Is E10, the new ‘green petrol’, suitable for your car?

E10 petrol has been standard in Great Britain since September 1st, which means that it contains up to 10 percent bio-ethanol. Previously unleaded was E5, although E10 has been available in the UK and particularly Europe for some time. Premium unleaded (97+ octane) will remain E5, while Northern Ireland will not switch until early 2022. Diesel fuel will not change either. All service stations will sell E10 bioethanol fuel, but what impact will this have on your car?

Almost all (95%) petrol-powered vehicles on the road today can use E10 petrol, and all cars built since 2011 are compatible. However, initial interest in the new fuel focused on claims by the AA that drivers’ fuel costs would increase by about 1.6 percent due to the reduced efficiency of E10 petrol.

Ethanol (or ethyl alcohol) is basically the same type of alcohol you might drink out of a cocktail glass with a squirt of Noilly Prat and an olive — not that we’d recommend this, as auto ethanol is around 200 proof. Bioethanol is distilled from plant material, most commonly corn or sugar cane, although cellulosic ethanol distilled from plant and wood fiber (cellulose) is considered a more environmentally friendly alternative.

You can check your car’s compatibility with E10 fuel at the government’s online checker.

What is E10 petrol?

The E10 label identifies unleaded regular fuel that contains up to 10 percent bioethanol derived from plants. This ‘green’ fraction has already been used in UK tank fuel in concentrations of up to five per cent (designated E5). The government says pumps will be clearly marked.

Cars produced after 2011 can use this fuel without having to modify the engine. Older cars, even classic ones, may need to be adjusted (see below).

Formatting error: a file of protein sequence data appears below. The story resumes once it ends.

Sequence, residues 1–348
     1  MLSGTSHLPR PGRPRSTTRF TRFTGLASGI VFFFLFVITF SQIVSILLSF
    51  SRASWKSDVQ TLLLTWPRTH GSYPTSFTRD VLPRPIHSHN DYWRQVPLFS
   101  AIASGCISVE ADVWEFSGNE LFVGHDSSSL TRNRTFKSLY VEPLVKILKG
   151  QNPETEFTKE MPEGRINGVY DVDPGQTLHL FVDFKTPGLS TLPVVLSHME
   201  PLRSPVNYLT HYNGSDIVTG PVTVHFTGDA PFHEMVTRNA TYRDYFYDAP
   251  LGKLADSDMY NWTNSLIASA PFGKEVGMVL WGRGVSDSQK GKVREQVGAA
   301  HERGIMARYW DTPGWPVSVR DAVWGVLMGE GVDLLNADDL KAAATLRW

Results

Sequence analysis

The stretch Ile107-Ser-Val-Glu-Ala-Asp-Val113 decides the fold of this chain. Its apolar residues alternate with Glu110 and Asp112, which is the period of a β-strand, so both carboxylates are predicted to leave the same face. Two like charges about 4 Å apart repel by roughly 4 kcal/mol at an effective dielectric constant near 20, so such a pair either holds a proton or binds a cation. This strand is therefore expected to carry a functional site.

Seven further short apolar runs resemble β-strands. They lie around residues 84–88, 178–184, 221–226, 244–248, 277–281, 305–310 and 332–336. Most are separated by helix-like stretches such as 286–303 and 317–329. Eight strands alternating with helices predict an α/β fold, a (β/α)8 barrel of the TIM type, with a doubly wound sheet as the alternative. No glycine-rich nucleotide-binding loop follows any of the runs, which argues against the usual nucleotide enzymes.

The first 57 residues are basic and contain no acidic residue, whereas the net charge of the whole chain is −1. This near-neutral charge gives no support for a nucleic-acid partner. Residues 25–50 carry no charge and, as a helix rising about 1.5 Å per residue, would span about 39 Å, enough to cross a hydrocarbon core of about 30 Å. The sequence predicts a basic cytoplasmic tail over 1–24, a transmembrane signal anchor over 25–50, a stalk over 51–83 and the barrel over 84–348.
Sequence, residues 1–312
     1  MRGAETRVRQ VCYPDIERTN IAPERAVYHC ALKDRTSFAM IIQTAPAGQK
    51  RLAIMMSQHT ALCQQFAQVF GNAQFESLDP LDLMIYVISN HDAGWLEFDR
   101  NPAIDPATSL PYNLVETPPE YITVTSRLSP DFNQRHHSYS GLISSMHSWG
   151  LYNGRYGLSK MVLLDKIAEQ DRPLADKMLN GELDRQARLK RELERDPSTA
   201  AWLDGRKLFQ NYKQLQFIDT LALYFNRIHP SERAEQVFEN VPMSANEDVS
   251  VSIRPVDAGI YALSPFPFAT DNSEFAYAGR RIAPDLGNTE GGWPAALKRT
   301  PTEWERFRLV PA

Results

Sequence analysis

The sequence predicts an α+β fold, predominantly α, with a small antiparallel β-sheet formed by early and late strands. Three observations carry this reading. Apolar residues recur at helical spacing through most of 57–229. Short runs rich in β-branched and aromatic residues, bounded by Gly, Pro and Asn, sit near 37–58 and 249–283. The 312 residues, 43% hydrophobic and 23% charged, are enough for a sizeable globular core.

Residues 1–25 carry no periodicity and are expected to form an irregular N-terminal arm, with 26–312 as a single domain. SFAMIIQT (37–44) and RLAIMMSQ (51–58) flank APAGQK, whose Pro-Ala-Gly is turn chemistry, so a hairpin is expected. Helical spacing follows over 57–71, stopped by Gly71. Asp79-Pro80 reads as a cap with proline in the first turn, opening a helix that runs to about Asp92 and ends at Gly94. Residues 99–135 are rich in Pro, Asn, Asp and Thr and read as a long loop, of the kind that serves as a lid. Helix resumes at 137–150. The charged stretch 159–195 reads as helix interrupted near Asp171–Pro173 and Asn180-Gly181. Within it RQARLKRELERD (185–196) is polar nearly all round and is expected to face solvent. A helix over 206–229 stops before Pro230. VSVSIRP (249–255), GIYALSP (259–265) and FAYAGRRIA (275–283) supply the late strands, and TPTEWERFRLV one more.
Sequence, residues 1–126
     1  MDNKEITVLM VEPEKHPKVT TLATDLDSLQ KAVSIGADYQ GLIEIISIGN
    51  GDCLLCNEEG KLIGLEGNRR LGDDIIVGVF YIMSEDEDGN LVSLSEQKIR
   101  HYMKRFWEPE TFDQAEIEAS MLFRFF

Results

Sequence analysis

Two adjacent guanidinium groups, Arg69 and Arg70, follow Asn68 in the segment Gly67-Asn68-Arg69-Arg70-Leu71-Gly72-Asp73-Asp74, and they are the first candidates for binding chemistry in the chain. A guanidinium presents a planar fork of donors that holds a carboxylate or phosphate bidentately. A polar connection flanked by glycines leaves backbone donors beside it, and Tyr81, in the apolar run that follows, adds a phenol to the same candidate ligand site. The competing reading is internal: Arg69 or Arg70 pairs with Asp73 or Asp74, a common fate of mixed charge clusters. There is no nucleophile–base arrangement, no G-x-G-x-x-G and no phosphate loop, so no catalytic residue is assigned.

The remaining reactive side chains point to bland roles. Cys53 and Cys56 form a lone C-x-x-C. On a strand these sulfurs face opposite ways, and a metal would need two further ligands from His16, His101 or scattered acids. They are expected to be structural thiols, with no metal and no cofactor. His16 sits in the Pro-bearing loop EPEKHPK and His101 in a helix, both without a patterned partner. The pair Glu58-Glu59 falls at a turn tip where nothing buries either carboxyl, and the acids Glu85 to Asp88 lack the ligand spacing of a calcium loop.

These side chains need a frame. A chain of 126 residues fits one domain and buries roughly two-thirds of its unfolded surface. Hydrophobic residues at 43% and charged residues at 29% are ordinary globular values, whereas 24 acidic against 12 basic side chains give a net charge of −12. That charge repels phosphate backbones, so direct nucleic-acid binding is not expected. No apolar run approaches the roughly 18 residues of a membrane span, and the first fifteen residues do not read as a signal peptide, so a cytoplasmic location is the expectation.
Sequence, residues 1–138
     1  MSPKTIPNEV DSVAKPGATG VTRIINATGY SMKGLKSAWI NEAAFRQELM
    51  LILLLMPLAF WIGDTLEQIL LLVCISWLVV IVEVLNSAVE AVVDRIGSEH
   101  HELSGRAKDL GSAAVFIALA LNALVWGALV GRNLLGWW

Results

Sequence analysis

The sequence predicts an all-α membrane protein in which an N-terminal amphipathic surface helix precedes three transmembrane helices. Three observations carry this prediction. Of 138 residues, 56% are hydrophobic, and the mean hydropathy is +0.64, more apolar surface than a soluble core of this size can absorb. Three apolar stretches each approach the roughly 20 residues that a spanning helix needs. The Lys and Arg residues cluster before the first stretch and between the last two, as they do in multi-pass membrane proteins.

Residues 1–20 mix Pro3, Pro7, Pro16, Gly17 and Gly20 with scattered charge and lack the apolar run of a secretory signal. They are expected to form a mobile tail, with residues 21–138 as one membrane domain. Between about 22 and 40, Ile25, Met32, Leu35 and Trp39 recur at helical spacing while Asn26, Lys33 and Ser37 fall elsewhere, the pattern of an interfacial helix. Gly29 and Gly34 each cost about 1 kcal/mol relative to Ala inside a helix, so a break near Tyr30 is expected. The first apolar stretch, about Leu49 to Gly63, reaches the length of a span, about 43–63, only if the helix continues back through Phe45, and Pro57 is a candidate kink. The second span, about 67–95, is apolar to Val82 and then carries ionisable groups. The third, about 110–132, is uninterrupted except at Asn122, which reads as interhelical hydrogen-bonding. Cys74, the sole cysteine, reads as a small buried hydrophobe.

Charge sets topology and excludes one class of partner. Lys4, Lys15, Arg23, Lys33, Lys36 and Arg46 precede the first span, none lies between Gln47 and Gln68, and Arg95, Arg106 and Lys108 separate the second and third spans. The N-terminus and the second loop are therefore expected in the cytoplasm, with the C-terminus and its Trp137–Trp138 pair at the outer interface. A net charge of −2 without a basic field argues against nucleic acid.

Diesel fuel currently has a proportion of bioethanol; it bears the designation B7, which indicates a bio content of up to seven percent, but has not changed in the course of the switch to E10 petrol.

What does it mean for drivers?

The move is part of the UK government’s Renewable Transport Fuel Obligation (RTFO), which mandates that by 2032, 12.4% of energy used in road transport must come from renewable sources. Major fuel suppliers are required to meet these targets and declare the percentage of their fuel comes from renewable and sustainable sources.

Interestingly, the government’s impact assessment report* states that “there are no clear consumer benefits in choosing E10 fuel” and also claims that the RTFO targets could be met by 2032 without the introduction of E10.

Nevertheless, adding bioethanol to petrol saves the release of the climate-damaging greenhouse gas carbon dioxide when burning fossil fuels, although the exact amount of the saving gives rise to some debate. In 2019, the UK government’s own figures claim that the 1,400 million liters of fuel equivalent saved about 82 per cent CO2, but that figure falls to 78 per cent when indirect land use change is taken into account.

In theory, E10 fuel should have been introduced around 2011 when the new EU standard was introduced, but in typical fashion the UK was reluctant. By 2014 the government was talking seriously, but again a combination of reluctance from interested parties and poor pump labeling thwarted the plan. Is E10, the new ‘green petrol’, suitable for your car?

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